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All Forums >> [Current Games From Matrix.] >> [World War II] >> Decisive Campaigns: The Blitzkrieg from Warsaw to Paris >> Question on Game Page: [1]
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Question on Game - 12/12/2011 11:20:45 AM   
demjansk

 

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I noticed this game a while back and was wondering if it is a more difficult game than Time of Fury which I don't have or is it similar to TOAW3 by Norm Koger? I do have war in the east also.
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RE: Question on Game - 12/12/2011 2:43:52 PM   
Wolfe


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In my opinion WtP is a bit more difficult than ToF but a lot easier than TOAW3 and WitE.

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"In War: Resolution. In Defeat: Defiance. In Victory: Magnanimity. In Peace: Goodwill." - Winston Churchill

(in reply to demjansk)
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RE: Question on Game - 12/12/2011 2:44:32 PM   
sandman2575


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Definitely more difficult -- and in my opinion, far more enjoyable -- than Time of Fury.  Just my own taste, of course, but I found Time of Fury terrible -- far too simplistic, and in essence a watered-down, turn-based imitation of Hearts of Iron.  Decisive Campaigns is much deeper, much more challenging and much more satisfying.

Can't speak to TOAW (as I don't own it), but in some ways DC is comparable to War in the East.  I find that it's possible to enjoy both games equally -- not a situation of one being better than the other.  The scale of DC is far less massive than the scale of the grand campaign in WitE -- although the scale of the Fall Weiss in DC is comparable to some of the WitE individual scenarios.  I found Fall Weiss in DC harder and 'bigger' than, say, the "Road to Minsk" scenario in WitE.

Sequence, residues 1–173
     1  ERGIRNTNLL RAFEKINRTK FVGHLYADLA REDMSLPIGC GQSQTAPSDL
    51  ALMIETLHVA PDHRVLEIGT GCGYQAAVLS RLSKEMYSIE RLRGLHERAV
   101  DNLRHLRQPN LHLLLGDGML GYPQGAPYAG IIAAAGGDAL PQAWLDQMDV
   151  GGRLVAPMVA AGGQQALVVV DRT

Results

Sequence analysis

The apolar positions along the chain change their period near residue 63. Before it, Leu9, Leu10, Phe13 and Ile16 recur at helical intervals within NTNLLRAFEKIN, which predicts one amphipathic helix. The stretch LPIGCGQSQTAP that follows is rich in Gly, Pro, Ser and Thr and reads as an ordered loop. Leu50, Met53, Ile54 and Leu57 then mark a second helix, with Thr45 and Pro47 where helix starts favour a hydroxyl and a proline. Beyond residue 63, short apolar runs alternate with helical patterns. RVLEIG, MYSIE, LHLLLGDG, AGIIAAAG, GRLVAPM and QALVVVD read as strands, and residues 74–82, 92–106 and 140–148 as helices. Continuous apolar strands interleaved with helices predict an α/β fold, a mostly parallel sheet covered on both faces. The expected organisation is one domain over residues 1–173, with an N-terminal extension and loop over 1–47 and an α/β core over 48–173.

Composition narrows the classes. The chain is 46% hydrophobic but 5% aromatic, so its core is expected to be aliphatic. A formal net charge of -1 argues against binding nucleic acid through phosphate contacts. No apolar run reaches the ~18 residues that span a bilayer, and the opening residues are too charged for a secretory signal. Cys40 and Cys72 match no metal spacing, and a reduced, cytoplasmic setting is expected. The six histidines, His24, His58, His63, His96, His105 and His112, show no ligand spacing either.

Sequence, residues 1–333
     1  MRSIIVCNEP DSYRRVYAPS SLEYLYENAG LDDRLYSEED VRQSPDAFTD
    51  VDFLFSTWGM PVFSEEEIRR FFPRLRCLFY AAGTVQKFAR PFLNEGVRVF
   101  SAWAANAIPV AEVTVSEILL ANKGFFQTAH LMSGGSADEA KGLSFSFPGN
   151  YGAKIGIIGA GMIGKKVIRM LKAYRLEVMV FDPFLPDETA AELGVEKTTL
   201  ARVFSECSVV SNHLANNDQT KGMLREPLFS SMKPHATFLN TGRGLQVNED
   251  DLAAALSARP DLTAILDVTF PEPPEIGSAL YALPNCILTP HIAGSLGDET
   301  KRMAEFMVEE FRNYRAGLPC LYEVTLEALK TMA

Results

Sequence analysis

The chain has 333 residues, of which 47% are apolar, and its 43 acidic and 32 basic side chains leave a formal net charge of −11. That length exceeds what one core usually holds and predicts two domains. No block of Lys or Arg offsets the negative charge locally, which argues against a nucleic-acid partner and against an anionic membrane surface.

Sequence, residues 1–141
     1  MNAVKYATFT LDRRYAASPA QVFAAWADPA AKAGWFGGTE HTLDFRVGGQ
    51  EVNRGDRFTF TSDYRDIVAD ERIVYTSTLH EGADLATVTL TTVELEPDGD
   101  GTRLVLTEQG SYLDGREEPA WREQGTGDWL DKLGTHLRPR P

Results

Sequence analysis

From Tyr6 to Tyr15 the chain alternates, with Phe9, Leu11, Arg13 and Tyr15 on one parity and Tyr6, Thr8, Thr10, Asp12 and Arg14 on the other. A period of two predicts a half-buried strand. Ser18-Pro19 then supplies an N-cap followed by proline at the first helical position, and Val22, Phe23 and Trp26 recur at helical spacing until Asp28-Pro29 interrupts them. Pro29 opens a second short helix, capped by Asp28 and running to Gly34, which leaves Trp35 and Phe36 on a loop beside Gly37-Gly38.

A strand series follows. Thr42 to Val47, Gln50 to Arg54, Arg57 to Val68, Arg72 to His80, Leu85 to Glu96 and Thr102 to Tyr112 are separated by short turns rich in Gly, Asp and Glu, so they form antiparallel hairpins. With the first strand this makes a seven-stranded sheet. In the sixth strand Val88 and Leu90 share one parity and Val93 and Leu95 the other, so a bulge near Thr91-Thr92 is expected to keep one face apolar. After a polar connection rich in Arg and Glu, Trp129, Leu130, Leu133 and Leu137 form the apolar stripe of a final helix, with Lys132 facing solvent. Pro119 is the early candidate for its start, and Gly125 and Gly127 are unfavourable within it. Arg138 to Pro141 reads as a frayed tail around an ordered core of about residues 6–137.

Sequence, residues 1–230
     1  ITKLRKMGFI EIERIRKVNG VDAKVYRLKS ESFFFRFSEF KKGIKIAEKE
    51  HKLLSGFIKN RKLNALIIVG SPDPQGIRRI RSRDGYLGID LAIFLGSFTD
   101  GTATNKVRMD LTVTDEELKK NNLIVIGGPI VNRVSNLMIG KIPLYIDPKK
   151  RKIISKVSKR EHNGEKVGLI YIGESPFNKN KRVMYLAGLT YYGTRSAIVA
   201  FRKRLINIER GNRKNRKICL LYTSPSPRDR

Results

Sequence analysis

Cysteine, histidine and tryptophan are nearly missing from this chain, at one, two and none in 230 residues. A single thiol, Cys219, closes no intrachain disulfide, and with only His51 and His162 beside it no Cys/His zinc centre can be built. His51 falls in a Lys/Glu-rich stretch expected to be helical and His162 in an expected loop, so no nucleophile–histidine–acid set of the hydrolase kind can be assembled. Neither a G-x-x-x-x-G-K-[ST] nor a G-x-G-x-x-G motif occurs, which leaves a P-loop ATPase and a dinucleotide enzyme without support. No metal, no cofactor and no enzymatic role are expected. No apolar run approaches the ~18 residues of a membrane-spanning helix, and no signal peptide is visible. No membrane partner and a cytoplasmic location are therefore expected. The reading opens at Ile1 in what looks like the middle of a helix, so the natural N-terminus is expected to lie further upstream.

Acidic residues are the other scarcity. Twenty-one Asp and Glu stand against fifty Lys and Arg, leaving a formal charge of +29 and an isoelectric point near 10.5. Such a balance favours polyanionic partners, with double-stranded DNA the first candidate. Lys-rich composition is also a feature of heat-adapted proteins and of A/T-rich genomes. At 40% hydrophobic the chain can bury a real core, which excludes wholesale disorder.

If you like WitE, I'd say there's a strong chance you will like DC as well.  They are both fantastic, well-crafted games.

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RE: Question on Game - 12/13/2011 1:46:44 AM   
wodin


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From: England
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Are losses at an individual soldier level or steps?

Always a bugbear for me steps. I prefer wargames that take into account individual soldiers rather than abstract step losses.

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RE: Question on Game - 12/13/2011 4:04:58 AM   
sandman2575


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^ wodin, the game calculates losses by certain (very reasonable, imo) ratios for different units.  So for example, losses of infantry are calculated by units of 100.  If your regiment starts with 4000 infantrymen, and it is involved in a battle, it essentially has 40 infantry 'units' on the table (40x100).  The combat resolution based on a maximum of 10 Rounds -- it's actually much more detailed than I can present it here (and if you want, you can open a "details" window which will give you very specific information for what happened each round).  So lets say during the battle, of your 40 infantry units after 10 Rounds, 14 are forced to retreat, and 2 are destroyed.  The retreated units do not suffer manpower loss, but will impact the overall Regiment's stats in other ways (hits to unit Morale, Integrity, Readiness, if i'm not mistaken -- although units that Panic may indeed suffer manpower loss, but not sure offhand).  But since 2 units were destroyed, you've lost 200 infantrymen, and your Regiment will now have 3800 infantry.  (This is to say nothing about the other elements that make up your Infantry regiment TOE -- like say MG-34 squads or mortar teams or armored cars -- which are of course 'on the table' during combat and can suffer losses in the same way i've described here -- only the "ratio" is different.  The ratio for tanks is I believe x5 -- so if you have 35 Pz-III's in your panzer regiment, and it's in combat and 1 unit is 'killed' , you now have 30 Pz-IIIs).

So losses are not quite calculated at the level of individual soldiers (like in WitE), but the casualties are calculated in much more realistic fashion than 'steps' or something like that. 


< Message edited by sandman2575 -- 12/13/2011 4:06:26 AM >

(in reply to wodin)
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RE: Question on Game - 12/13/2011 8:53:04 AM   
wodin


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Joined: 4/20/2003
From: England
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Thanks for the reply. Sounds interesting, a sort of halway between both mechanics.

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